Now we all know that horses have more than one sense, just like we do. So how about hearing? Horses depend very heavily on their hearing to access danger. Horses listen for threatening sounds. Their ears can swivel around to pinpoint where a sound is coming from. Often the first clue a rider gets that a horse’s attention has drifted is from the ears. I teach my students to watch horse’s ears as the first sign of what the horse is thinking about.
          Horses spend their whole lives learning sounds just like we do. At my barn, they all know the sound of the feed tractor being started. Or the sound of carrots being poured into a bucket. Some of my boarded horses can even identify the sound of their owner’s car pulling into the parking lot. These sounds are good and not scary. During Santa Ana Winds, the horses can’t pinpoint the source or type of the sounds caused by the wind. It’s all around them. If the horse can’t identify the sound as friendly then Noise = Danger.  The scary sounds are all around them so the horse no longer knows which way to run.  Remember when they can’t run away, they fight. A horse that feels surrounded by danger may fight. They will fight you, the hose, the dog, a chicken, your child, or anything they deem to be a threat. Also during strong winds, Scooter might not be able to hear your verbal cues.  You can cluck, kiss and say whoa to your heart’s content and that sound may never get into those lovely, expressive ears. It’s carried away by the wind. My students can’t hear my instructions either. It is really difficult to teach when you have to keep stopping the lesson to give instructions and corrections. If I can get them to stop at all.
            What can you do for your horse when the winds start to howl? Put on a fly mask to keep blowing debris out of their eyes. Check the water buckets often and remove leaves and other refuse you may find. Keep an eye out for anything blown into the stall that your horse might eat. Horses have been poisoned by plants that were blown into the stall and ingested. Check him over carefully for cuts, especially on the lower legs. Horses may run and spin in their stalls causing them to cut themselves with their own hooves or the stall walls. If possible, move him inside. Just make sure it is safe to move him at all.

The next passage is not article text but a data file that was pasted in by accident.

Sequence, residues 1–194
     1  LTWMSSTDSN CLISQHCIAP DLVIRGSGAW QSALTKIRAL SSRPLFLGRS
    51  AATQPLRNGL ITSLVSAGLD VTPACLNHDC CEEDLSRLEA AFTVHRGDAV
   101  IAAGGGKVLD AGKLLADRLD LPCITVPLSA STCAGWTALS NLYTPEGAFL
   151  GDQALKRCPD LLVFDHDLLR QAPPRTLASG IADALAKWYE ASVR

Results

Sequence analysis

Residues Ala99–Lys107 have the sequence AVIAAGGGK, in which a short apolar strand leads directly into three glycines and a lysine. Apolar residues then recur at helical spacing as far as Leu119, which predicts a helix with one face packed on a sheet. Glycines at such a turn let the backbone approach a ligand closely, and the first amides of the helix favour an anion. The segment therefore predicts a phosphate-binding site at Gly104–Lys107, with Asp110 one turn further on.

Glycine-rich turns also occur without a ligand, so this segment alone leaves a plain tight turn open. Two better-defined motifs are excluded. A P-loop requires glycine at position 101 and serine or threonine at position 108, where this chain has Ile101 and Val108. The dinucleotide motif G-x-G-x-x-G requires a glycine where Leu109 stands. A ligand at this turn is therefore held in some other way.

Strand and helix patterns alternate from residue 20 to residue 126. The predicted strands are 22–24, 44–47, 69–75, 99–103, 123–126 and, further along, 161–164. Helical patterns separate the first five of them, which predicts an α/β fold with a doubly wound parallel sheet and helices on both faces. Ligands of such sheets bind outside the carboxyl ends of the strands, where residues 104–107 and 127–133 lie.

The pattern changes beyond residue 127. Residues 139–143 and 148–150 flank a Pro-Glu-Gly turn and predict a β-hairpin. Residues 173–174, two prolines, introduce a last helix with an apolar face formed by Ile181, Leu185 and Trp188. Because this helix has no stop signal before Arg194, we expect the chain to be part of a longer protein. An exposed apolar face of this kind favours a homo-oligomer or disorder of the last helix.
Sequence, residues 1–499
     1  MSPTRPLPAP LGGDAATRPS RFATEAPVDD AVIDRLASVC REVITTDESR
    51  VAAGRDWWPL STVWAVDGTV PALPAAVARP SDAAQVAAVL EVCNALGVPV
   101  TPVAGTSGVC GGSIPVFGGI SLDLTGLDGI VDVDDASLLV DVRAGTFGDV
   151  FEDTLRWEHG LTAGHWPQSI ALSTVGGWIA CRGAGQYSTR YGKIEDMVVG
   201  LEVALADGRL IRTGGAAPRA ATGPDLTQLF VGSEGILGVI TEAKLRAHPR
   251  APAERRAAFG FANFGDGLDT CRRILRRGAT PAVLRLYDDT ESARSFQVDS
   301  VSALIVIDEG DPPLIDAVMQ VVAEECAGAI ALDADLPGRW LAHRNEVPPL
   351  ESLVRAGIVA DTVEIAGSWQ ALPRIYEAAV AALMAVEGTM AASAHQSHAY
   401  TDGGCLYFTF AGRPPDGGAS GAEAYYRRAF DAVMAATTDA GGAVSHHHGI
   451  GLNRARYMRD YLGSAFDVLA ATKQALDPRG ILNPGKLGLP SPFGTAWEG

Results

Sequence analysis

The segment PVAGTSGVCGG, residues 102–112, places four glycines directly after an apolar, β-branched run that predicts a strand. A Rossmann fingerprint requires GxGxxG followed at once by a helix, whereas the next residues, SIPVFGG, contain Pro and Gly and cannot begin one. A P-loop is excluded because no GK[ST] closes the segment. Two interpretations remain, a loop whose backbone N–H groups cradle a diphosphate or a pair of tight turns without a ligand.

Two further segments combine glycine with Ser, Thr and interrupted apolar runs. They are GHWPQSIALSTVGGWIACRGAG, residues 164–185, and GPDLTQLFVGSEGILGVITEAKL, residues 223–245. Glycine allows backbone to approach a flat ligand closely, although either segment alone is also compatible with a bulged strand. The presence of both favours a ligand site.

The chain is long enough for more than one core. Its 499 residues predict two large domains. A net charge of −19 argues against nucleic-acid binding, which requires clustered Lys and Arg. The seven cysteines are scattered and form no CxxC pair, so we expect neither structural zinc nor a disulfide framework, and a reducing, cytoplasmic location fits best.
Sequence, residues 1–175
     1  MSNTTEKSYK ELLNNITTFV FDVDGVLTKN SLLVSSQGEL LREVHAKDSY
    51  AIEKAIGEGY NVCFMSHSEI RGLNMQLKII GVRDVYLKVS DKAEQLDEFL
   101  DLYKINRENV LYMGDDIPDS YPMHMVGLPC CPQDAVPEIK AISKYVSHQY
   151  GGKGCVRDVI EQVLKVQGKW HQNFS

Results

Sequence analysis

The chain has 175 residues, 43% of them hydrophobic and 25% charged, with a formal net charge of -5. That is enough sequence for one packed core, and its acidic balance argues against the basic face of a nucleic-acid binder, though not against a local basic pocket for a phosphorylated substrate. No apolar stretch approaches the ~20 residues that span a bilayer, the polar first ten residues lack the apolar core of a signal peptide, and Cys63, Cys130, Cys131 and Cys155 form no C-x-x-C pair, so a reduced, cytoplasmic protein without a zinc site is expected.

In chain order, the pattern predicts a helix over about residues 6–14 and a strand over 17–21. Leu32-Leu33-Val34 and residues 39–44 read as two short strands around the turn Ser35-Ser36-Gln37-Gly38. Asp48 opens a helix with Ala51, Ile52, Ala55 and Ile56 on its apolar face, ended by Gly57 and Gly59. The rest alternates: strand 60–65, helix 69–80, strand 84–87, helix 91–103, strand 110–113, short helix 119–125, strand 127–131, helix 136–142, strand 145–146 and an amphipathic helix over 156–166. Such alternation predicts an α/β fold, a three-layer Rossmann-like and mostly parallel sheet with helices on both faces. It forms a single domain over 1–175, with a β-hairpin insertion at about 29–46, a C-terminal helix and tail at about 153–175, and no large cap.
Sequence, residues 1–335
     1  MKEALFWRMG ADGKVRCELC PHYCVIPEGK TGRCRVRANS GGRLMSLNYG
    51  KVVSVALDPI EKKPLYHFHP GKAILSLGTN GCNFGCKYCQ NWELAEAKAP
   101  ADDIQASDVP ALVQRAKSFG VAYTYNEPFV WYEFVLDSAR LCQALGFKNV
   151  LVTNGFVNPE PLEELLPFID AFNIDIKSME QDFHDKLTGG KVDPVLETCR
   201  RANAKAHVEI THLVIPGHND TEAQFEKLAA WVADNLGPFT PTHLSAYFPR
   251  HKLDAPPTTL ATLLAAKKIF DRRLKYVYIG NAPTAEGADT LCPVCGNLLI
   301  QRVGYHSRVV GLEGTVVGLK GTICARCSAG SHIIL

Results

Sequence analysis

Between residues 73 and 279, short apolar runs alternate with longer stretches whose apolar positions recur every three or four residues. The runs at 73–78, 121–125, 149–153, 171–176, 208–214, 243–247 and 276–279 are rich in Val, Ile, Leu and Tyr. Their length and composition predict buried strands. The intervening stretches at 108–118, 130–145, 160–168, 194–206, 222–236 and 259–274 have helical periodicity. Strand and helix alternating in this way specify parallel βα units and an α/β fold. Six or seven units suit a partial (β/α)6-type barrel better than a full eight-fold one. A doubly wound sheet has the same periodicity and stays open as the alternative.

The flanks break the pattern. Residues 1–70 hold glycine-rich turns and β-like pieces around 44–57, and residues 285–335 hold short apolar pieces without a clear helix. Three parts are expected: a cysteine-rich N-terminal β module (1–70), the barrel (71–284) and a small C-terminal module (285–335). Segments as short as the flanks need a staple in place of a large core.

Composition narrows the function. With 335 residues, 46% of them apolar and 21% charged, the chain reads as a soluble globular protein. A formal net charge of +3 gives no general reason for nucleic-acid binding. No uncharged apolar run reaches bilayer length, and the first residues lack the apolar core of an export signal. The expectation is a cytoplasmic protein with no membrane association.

Remember- When the wind comes around, stay on the ground. When Santa Ana’s are here, put away your gear. If the winds attack, put your tack back.  Stay safe. It is never worth getting hurt for a ride. Keep that in mind the next time the winds kick up.
Cheryl Rohnke Kronsberg is a Certified Horsemanship Association Master Instructor and Clinic Instructor. She is also a registered AQHA Professional Horseman. Cheryl has been teaching riding and horsemanship for over 30 years. Currently she and her husband own and operate CRK Training Stable in Yorba Linda, CA. We welcome your comments and questions. Please feel free to share this article with your friends, but all rights to this article are restricted.






Speak Your Mind


Time limit is exhausted. Please reload CAPTCHA.